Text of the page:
A third approach is to actually construct a model for a problem, where no model exists. Here one usually starts with a "similar" for which the "answer" is known, and modifying that "simple" model to account for the difference between the problem at hand and the related known mode. For example, take the shape of an egg. Qualitatively, an egg shape is an ellipsoid of revolution with one end more pointed than the other. So a good starting point for the projection of an egg shadow onto the x-y plane, call it EGG, would be the equation for an ellipse, call that ELL. Now we have to make this symmetric shape asymmetric. We can do that by adding to it an asymmetric function, call it GAS. We also will need some parameter to set how large GAS is compared to EL. So we multiply GAS by a size parameter, call it L. Finally, we need to ensure that the value of EGG at the ends of the egg are zero, otherwise the egg is not closed at the ends. ELL already meets this boundary condition, but we must introduce another parameter to GAS to ensure the boundary condition of closure. Call that function, BND. Then the end result for our model for an egg shape is: EGG = ELL (+/-)(L*GAS*BND). So EGG is asymmetric, is closed at the ends, and can be made as skewed as we wish by adjusting the value of "L".

There are some books on mathematical modeling, for example see: "Guide to Mathematical Modeling" Dilwyn Edwards & Mike Hamson, published by CRC.

Your question is a very difficult one to answer as you can see, but your perception of, "What is going on here?" is healthy. Sorry for the long answer, but efficient methods of model building is a problem that I have given a lot of thought to.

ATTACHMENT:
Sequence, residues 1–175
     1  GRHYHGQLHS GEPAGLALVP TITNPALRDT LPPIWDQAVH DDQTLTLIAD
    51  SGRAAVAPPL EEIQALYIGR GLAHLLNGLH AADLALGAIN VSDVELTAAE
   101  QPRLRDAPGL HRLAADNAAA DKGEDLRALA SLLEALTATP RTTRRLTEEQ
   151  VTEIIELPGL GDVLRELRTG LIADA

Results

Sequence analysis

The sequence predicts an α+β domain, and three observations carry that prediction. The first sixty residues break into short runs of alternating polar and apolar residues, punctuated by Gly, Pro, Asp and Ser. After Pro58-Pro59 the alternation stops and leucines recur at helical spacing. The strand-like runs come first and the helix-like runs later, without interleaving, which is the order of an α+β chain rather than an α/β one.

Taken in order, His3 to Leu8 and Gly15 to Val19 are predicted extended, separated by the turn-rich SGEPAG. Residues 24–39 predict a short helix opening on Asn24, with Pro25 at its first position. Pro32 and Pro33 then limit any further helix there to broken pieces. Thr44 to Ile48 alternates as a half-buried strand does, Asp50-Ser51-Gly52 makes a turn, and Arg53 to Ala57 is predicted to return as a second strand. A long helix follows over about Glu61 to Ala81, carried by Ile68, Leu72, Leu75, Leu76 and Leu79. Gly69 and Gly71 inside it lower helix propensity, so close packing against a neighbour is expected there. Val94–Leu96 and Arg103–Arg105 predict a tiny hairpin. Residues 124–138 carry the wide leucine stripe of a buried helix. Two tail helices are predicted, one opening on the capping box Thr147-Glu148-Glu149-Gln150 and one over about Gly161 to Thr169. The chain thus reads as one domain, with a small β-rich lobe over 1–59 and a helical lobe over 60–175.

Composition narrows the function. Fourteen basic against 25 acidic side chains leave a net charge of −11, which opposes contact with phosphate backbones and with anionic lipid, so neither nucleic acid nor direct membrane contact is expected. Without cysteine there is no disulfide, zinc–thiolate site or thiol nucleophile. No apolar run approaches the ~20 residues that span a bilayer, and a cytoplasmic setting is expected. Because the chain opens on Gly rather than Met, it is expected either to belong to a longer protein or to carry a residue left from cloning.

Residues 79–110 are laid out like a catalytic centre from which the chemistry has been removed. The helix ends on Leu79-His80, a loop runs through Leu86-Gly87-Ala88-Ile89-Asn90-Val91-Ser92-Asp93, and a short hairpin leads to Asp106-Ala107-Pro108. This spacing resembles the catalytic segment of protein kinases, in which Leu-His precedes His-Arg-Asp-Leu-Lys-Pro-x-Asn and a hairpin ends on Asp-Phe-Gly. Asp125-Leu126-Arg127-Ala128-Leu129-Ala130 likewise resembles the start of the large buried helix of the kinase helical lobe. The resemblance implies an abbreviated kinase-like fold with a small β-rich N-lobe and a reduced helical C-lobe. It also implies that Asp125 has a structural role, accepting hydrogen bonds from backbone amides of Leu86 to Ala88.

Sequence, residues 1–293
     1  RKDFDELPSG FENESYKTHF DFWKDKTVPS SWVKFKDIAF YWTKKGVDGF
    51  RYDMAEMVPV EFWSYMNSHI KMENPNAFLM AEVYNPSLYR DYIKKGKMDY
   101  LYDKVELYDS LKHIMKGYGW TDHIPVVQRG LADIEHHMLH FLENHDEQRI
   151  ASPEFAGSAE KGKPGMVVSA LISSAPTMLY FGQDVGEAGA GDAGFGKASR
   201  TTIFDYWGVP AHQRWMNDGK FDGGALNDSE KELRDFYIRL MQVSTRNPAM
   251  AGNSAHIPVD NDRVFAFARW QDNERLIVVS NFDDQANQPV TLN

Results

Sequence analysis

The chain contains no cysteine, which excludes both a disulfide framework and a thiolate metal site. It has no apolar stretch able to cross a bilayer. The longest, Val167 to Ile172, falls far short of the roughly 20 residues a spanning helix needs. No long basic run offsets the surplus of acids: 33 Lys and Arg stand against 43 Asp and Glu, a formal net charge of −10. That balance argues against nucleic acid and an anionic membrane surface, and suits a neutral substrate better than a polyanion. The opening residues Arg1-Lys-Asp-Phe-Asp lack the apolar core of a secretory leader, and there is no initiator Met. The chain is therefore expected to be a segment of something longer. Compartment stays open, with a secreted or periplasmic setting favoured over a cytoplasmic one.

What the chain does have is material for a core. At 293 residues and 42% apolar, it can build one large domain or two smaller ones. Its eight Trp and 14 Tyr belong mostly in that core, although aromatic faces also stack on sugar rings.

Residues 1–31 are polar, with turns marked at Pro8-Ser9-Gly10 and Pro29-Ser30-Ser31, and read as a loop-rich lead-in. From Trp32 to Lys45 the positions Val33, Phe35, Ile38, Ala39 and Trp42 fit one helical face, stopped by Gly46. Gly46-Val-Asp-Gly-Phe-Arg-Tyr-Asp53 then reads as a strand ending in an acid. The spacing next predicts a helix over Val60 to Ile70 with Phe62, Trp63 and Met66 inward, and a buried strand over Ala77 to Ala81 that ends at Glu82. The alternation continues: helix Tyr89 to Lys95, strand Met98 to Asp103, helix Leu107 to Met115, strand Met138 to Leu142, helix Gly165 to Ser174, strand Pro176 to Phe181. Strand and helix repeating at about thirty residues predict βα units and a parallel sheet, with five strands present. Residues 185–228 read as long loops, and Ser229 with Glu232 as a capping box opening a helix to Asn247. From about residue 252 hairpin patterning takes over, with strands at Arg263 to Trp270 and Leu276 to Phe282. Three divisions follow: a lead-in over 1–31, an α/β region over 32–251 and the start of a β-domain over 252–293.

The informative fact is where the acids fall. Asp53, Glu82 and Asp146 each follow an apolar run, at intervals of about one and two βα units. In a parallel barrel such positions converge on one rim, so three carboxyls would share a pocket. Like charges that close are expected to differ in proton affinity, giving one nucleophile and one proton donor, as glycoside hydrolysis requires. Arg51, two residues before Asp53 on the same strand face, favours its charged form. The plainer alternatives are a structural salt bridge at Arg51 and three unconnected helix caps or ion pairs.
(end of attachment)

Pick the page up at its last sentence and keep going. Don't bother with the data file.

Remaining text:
Vince Calder


P. M.,

You ask an excellent question. Mathematics often works as a good model for anything that can be expressed with numbers. The numbers represent measurable quantities. The mathematics relates the numbers in a way that corresponds to how the measurable quantities relate. Mathematics is a nice tool to calculate expected values of future measurements, based on these models and equations.

Remember that expected values are not always exact. Mathematical models are approximations. They do not always yield what is actually measured. To express everything exactly would require more mathematics than you could write in a lifetime. Understand the concepts first. Use the mathematical models as a reminder and as a tool for estimations. A simple example is "F=mg". If you want to express the gravitational force on a falling ball exactly, you must consider the force between each possible pair of atoms and sum the vectors. F=mg yields a value that is close enough to use in most situations. Spending several years calculating and adding all individual vectors would not yield a noticeably different result. However, the effective gravitational force on a single electron flying though the air or on a distant comet requires a different model. F=mg only works for millions of molecules (like a baseball) close to the surface of the Earth.

Dr. Ken Mellendorf
Physics Instructor
Illinois Central College